Have you ever wondered why some people are more effective at getting their message across, yet others can’t get their audience’s attention? We all remember the “I have a dream” speech, though there are many other effective speeches out there, like when Malala Yousafzai, the Pakistani activist for female education, addressed the United Nations youth assembly at age sixteen. Whether it’s a political speech, a person on stage, or a face-to-face interaction, it’s important to get your message across in the way you intend.
“The meaning of your communication is the response you get.” How a listener hears and responds to your words is the meaning that your message conveys. Your intentions, then, whether good or bad, are beside the point. If communication equates to 7% being words, 38% tonality and 55% body language, then the words and the way they are spoken are relevant.
Conflicts can escalate very quickly because 10% of conflict is from a difference of opinion, while 90% is based on delivery and tone of voice. Connection with the speaker comes on two different levels: the conscious and the unconscious. If a person feels threatened because the speaker is aggressive in tonality, then the listener will work to protect him or herself, reacting with the fight or flight instinct that comes from our primal past.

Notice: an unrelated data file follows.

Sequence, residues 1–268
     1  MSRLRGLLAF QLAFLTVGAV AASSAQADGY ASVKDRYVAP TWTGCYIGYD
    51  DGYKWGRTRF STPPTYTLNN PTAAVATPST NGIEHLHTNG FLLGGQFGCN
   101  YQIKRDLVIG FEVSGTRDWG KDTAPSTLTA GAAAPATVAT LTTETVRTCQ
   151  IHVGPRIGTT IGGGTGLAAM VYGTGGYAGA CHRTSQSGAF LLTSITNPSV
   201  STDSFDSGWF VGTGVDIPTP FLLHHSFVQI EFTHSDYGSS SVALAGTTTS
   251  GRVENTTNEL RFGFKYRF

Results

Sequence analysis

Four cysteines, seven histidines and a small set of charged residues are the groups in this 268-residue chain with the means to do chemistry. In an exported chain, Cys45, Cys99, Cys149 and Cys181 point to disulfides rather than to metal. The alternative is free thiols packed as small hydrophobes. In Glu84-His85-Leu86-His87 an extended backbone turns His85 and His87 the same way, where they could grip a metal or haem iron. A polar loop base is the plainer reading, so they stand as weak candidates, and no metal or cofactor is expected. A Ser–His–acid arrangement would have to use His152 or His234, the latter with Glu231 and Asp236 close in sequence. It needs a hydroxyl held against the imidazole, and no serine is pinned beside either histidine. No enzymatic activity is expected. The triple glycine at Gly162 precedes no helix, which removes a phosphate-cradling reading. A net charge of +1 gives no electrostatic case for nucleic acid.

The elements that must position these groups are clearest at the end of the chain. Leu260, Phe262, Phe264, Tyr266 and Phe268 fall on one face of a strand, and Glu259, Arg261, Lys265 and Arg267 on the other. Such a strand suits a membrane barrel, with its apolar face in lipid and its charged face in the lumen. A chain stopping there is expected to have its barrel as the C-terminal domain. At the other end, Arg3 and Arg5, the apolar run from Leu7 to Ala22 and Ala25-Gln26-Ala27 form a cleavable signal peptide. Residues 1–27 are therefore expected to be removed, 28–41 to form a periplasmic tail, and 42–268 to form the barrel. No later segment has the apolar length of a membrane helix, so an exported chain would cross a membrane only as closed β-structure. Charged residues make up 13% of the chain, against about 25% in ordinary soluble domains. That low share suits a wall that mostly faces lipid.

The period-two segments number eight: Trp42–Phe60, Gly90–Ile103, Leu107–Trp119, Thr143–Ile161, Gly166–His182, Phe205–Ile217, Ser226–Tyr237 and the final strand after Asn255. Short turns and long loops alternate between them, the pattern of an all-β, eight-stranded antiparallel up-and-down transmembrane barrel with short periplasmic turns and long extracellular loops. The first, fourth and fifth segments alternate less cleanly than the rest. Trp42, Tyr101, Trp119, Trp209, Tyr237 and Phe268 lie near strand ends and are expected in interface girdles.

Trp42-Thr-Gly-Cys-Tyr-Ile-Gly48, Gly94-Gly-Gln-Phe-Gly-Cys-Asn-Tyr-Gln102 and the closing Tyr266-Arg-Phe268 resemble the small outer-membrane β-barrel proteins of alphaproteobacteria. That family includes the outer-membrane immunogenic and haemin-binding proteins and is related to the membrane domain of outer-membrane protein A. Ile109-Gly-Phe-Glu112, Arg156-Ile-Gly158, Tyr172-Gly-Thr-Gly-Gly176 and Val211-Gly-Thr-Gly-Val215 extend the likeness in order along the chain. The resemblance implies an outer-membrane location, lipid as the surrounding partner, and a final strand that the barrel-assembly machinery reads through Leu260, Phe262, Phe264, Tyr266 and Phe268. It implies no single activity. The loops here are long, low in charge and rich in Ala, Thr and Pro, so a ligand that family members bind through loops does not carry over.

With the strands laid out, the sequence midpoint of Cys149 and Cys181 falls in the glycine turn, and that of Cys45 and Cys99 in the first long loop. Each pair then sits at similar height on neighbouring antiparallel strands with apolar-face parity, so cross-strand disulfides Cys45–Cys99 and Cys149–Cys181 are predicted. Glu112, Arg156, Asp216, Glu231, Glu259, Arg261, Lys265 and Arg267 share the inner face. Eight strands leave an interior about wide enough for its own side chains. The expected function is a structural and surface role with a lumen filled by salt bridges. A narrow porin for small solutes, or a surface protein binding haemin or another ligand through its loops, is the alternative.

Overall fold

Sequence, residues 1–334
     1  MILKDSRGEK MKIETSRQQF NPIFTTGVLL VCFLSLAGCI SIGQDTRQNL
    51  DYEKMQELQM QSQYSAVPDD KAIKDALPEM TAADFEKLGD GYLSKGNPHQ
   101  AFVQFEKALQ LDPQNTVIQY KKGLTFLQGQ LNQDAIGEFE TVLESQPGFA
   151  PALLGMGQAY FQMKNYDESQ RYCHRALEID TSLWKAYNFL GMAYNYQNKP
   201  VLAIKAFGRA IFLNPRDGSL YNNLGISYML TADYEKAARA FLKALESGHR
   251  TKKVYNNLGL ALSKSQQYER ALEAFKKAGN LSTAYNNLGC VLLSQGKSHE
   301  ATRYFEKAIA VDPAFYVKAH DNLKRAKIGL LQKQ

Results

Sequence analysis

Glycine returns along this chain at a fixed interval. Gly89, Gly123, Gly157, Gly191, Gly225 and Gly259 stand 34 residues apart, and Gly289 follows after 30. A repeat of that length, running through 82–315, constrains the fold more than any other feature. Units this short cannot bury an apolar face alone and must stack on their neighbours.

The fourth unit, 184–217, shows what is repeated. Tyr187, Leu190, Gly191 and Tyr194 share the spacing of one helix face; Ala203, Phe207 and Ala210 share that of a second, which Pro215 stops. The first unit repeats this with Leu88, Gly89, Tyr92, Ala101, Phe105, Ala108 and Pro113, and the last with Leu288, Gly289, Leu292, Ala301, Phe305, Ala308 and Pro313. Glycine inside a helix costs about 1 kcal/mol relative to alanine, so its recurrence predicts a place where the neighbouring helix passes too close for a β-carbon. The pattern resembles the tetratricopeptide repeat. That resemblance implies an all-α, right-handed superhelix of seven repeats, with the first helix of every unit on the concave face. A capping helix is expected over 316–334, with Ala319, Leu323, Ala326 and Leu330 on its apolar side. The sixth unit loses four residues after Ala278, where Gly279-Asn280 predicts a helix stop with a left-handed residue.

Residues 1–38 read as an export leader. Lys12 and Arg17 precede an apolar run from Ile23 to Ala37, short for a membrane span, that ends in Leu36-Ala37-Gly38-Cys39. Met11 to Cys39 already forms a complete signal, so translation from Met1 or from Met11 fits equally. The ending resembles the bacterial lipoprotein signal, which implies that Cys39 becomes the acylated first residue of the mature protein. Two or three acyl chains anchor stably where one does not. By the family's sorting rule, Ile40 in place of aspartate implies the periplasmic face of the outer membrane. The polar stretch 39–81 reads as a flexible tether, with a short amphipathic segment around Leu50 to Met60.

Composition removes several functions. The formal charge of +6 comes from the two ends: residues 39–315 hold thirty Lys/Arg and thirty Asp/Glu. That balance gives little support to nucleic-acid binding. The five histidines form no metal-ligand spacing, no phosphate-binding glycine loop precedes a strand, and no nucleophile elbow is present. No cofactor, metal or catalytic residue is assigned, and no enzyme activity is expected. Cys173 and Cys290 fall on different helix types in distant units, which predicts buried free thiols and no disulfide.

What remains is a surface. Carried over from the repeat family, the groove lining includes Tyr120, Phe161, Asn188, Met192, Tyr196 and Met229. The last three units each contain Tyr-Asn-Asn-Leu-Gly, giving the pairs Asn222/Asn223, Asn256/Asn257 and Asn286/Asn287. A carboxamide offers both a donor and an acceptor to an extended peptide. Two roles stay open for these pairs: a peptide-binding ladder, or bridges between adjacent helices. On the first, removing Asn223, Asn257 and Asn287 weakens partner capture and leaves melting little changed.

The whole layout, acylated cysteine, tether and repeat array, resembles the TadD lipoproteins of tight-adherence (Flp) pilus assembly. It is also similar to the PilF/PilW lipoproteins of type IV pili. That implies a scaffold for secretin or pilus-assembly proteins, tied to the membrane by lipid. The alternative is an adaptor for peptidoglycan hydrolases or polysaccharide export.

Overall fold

When communicating with clients – whether over the phone or in person – choose your words and your tonality carefully. I recently chatted to a salesperson that wasn’t getting the results he wanted. After speaking to him on a few different occasions, it was clear why he wasn’t getting his desired results. It came down to the use of language and the use of tone. Yes, he was passionate about what he was selling; but he had an aggressive style, which came across as a little obnoxious.
There is a difference between coming across as an expert in your field and crossing the line and having people run away from you. People buy from people they like. You can capture the client’s attention when you listen and then use your words carefully and with the correct tonality. High pitched, squeaky, and weak tonality can be a turn off. If you are asking a client a question, your voice goes up at the end, when you are making a statement, your voice stays plateaued, and when you want the client to do something, you use command tonality with your voice going down at the end.
People will want to listen to you when you come from a place of certainty, they see that you care about them, and they recognize you are there to help them achieve the outcome they want.
If you are not getting results, then take a look deep inside and listen to what you are saying and how you are saying it.
Want to know how you can improve your communication with your customers? Email firstname.lastname@example.org to find out how.
Written by Penny Votzourakis